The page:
evenhandedness


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References in periodicals archive ?
Your March 28 cover story, "Mixed Income Reported by Bath Junkie Franchisees," lacks only two things, evenhandedness and objectivity.
In seeking to ensure evenhandedness, meanwhile, there is also the option of administering the proceedings jointly with the United Nations, and adding neutral non-Iraqi judges to the bench.
All this from a man who admires Du Bois's evenhandedness.
Former BBC chairman Sir Christopher Bland questioned the evenhandedness of the report which exonerated the government but ``tarred and feathered the BBC''.
Watt's ethnographic approach helps him to explore controversial questions with great clarity and evenhandedness.
Another question is about the evenhandedness of IRS's use of the database as a compliance tool.
With admirable theoretical evenhandedness, she begins by contextualizing the Anglo-Irish confrontation in the broader history of sixteenth-century colonial encounters, recruiting the extensive primary and secondary literature on Spanish conquest in the New World.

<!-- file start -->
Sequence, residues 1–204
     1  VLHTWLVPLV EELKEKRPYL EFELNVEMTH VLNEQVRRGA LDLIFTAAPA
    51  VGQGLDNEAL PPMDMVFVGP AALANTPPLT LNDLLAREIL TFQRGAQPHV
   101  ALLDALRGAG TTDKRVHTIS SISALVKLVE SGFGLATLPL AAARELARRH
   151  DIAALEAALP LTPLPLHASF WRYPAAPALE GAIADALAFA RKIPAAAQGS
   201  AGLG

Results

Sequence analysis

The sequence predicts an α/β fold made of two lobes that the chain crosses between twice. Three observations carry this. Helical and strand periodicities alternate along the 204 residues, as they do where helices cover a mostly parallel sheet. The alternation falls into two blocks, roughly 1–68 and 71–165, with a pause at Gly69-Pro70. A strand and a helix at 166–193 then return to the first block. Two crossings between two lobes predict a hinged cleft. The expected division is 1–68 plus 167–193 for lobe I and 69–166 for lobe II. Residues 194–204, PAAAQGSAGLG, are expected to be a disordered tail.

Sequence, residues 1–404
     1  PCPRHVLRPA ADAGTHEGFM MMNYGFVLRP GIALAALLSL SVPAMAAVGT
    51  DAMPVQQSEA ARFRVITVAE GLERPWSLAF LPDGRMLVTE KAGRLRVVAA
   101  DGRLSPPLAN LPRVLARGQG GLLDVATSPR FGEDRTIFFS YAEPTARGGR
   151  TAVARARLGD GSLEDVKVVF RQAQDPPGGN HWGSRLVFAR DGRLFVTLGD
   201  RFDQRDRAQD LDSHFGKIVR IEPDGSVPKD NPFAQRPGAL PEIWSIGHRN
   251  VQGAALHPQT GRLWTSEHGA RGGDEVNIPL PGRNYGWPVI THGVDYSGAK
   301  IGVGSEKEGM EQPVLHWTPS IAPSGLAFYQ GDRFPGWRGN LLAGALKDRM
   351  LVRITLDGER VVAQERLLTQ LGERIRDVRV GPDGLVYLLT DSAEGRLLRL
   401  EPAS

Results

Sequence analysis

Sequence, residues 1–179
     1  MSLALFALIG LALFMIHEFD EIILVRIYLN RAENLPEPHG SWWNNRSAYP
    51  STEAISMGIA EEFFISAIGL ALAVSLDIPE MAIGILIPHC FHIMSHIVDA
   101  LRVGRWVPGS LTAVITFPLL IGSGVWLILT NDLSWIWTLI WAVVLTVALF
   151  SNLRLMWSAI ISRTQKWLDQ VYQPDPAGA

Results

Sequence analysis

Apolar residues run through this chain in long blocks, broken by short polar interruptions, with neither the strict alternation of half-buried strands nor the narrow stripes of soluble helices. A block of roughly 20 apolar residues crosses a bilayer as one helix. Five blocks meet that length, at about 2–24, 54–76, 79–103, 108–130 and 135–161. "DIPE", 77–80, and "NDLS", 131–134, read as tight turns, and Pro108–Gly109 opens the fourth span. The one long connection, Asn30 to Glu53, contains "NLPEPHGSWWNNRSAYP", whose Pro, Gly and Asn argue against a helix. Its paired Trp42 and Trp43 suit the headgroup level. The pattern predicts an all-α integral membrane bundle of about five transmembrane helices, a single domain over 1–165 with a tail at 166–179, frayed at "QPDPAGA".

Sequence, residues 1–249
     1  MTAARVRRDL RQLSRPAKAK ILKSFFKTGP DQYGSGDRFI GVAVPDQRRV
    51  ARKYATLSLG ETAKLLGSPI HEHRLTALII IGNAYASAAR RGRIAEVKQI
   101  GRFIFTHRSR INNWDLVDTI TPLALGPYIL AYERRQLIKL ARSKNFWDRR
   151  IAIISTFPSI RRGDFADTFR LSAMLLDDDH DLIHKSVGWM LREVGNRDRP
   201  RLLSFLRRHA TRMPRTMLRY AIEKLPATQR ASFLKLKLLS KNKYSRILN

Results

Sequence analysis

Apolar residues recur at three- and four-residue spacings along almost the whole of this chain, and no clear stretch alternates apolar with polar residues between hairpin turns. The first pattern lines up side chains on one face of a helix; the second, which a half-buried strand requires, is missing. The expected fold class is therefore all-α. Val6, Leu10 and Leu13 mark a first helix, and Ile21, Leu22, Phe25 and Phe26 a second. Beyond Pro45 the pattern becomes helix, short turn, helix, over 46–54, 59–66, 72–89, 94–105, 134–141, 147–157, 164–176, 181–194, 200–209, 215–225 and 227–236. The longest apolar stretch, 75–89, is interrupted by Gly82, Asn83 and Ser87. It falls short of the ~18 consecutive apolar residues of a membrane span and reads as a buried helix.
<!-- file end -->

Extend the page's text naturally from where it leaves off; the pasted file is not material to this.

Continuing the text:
Shouldn't there be some evenhandedness, with bad buildings by good architects also receiving a public airing?
The Road Haulage Association may have something when they point to the pounds 5 charge for all vehicles in the London Congestion charge scheme and wonder why that evenhandedness has not been replicated on the country's first toll motorway.
The invasion has shouldered aside traditional journalistic touchstones such as objectivity, evenhandedness, and honesty.
Carens, Culture, Citizenship, and Community: A Contextual Exploration of Justice and Evenhandedness.